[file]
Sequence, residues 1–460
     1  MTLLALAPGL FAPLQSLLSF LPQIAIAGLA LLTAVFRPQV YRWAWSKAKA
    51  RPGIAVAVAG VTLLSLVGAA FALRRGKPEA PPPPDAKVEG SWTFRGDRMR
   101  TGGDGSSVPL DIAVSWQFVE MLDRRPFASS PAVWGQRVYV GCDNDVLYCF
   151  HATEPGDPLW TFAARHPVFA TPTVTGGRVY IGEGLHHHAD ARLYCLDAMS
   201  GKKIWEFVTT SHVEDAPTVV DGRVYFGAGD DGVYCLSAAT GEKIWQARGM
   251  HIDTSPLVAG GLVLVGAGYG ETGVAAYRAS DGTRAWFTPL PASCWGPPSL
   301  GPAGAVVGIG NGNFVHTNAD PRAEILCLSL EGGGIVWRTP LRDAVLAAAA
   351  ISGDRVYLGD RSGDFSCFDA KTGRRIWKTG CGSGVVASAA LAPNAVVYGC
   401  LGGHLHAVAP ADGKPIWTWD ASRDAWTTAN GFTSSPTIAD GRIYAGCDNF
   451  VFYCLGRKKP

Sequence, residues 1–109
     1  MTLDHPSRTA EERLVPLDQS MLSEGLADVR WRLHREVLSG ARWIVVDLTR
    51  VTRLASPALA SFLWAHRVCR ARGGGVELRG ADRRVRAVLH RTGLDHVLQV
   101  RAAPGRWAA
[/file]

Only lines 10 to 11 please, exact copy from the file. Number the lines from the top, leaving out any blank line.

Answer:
   401  LGGHLHAVAP ADGKPIWTWD ASRDAWTTAN GFTSSPTIAD GRIYAGCDNF
   451  VFYCLGRKKP